Linked Questions

4 votes
6 answers

Does an ionic bond have a dipole?

Is an ionic compound like NaCl considered a dipole? It has a positive side (Na+) and a negative side (Cl-). Or is it true that an ionic bond does not have a dipole because a dipole is, by definition, ...
Chemistry Boi's user avatar
-4 votes
1 answer

Why does NaCl form when it requires 1.52 eV of energy? [closed]

An atom of sodium has one 3s electron outside a closed shell, and it takes 5.14 eV of energy to remove that electron. The chlorine lacks one electron to fill a shell, and releases 3.62 eV when it ...
iwab's user avatar
  • 363
4 votes
2 answers

Spontaneous reaction between chlorine and a hypothetical atom

Suppose, my hypothetical element is $\ce X$, whose first ionization energy is $\pu{200kJ/mol}$. An atom of this element will react with an atom of chlorine (assume that I've already dissociated a ...
user avatar
5 votes
2 answers

What is happening when KCl burns in a bunsen flame? [closed]

I did the experiment to qualitatively observe the different colours given off by different salts when placed in a flame. But what is actually happening to the salt ? Take $\ce {KCl}$ for example. Does ...
Kantura's user avatar
  • 709
2 votes
0 answers

Can one describe the bonding of Na to F in terms of molecular orbital theory? What about valence bond theory?

I would kindly appreciate an explanation in terms of the two accepted quantum mechanical theories -valence bond & molecular orbitals- for the electronic energy level structure in natrium fluoride $...
DanielC's user avatar
  • 207
0 votes
1 answer

What happens when an ionic compound is boiled? [duplicate]

Do ionic compounds such as NaCl become individual ions such as one Na ion and one Cl ion or are they hold together by ionic bonds even when they are boiled. Thanks in advance.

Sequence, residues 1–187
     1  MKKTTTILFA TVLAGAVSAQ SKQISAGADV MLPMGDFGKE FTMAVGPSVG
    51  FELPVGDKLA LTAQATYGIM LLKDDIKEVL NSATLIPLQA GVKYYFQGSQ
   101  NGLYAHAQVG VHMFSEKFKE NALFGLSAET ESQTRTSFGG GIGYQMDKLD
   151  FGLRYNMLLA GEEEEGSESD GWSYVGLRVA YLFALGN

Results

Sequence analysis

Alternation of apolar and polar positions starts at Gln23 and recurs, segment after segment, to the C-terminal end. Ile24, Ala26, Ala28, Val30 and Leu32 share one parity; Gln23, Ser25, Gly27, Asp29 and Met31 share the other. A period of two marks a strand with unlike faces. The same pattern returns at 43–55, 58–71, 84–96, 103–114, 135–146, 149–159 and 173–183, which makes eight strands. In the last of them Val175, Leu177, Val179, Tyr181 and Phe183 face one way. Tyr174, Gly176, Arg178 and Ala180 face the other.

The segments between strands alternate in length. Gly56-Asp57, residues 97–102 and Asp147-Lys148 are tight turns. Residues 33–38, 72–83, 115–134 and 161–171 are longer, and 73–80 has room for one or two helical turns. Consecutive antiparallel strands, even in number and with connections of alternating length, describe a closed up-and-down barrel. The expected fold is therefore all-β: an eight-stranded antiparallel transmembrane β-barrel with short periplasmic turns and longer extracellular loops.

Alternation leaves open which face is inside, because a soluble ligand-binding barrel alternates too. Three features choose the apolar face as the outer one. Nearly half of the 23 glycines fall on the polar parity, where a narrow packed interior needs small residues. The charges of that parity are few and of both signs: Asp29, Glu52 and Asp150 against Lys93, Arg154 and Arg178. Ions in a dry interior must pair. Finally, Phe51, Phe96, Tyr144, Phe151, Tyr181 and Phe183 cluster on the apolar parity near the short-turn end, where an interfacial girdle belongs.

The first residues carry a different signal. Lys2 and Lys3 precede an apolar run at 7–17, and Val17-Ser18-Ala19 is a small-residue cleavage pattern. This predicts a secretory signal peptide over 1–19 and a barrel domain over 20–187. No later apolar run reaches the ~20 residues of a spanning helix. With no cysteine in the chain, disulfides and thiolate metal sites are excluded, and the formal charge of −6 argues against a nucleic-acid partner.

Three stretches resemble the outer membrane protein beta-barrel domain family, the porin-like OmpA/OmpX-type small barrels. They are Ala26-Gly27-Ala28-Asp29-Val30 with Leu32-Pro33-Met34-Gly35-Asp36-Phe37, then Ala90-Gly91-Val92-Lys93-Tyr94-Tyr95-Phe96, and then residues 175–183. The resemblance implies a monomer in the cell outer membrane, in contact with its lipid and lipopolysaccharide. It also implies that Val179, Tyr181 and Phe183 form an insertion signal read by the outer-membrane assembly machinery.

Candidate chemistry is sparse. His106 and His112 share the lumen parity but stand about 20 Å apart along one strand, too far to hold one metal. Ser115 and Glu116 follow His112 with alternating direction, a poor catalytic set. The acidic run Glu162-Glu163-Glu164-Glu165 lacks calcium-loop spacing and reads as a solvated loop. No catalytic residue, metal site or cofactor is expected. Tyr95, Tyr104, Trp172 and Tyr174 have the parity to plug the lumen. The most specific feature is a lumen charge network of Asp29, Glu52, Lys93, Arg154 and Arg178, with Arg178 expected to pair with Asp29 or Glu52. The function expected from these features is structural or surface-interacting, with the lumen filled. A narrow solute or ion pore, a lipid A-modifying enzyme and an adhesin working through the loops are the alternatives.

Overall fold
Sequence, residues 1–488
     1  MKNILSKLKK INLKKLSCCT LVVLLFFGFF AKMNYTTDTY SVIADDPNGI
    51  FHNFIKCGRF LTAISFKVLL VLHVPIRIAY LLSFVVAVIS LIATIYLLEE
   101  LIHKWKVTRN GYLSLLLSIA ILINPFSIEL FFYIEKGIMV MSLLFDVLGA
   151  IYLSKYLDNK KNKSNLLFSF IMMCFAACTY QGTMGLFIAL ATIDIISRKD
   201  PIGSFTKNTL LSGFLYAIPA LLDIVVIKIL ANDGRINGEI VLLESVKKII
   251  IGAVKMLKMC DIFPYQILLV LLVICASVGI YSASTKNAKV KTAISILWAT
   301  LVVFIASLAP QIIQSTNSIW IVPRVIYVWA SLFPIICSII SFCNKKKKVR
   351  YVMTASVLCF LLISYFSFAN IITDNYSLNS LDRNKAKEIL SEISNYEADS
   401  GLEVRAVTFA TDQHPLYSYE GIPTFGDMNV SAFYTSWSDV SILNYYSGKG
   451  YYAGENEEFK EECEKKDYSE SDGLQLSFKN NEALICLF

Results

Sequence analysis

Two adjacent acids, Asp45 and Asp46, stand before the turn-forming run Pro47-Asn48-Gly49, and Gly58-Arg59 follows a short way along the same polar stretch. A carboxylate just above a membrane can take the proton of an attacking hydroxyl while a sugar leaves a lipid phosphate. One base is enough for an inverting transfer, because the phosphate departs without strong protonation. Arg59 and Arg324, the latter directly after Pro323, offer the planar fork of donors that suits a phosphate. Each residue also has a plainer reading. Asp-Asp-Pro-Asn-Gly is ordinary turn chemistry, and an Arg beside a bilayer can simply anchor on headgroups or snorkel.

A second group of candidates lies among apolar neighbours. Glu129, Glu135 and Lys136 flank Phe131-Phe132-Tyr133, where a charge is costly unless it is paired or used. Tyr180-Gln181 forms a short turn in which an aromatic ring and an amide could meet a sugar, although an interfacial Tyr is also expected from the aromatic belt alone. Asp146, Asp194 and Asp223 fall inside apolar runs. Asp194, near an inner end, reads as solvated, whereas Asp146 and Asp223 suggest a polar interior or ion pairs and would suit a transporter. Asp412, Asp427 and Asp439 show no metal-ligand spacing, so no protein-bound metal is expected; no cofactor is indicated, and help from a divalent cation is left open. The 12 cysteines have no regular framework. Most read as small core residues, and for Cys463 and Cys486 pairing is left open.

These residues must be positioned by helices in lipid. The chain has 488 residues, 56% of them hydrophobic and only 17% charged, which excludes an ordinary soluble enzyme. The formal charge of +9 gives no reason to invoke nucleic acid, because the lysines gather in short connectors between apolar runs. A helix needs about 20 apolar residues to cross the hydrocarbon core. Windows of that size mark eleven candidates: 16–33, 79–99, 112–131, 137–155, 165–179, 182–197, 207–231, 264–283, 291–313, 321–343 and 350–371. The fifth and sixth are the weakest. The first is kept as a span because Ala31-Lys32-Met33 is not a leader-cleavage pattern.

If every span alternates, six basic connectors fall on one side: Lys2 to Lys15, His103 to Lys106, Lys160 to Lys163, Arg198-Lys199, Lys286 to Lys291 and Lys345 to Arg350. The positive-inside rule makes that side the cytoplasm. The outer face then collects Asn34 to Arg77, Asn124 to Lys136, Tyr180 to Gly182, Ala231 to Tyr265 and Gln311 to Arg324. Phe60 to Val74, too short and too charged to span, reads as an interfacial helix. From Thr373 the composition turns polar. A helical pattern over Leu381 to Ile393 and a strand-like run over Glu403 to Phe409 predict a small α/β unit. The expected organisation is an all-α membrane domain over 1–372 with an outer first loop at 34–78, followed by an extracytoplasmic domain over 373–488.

John A's user avatar
  • 9
17 votes
2 answers

Gaseous metals?

Metals form metallic bonds which explain many of their chemical and physical properties. This is most familiar in the solid state but metallic properties are still quite recognizable in the liquid ...
badjohn's user avatar
  • 828
1 vote
0 answers

Ionic compound gases

Does any molecule containing only ionic bonds exist as a gas in room temperature? In the case of carbon dioxide, it is a covalent molecule which is a gas at rtp. Does the same apply for ionic ...
Ahnaf's user avatar
  • 91
1 vote
2 answers

Do I need to include lattice energy when calculating the energy required to vaporize NaCl?

I understand that the lattice energy is the energy released when a crystal forms and that's the reason it takes the negative sign. But do we need to add this energy again when we are trying to ...
Abanob Ebrahim's user avatar
16 votes
1 answer

What is Sodium Chloride like in gas state?

Since sodium chloride is sodium and chlorine atoms bonded as a lattice and there are no discrete molecules, doesn't that mean in gas state, sodium chloride is simply sodium and chlorine atoms separate ...
Rishi's user avatar
  • 453
6 votes
2 answers

Why don't molecules of ionic compounds exist?

My book says: As single ions of a metal are not associated in the solid with single ions of a non metal, separate units of ionic compounds do not exist. It is, therefore, wrong to talk of a ...
user avatar
4 votes
0 answers

Can the electrolytes be in gaseous state? [duplicate]

Possible Duplicate: Will gaseous ionic compounds be free moving ions? I know it sounds extremely expensive, but what if we could heat the ionic compound to evaporate it and achieve the lattice ...
Abdelrahman Esmat's user avatar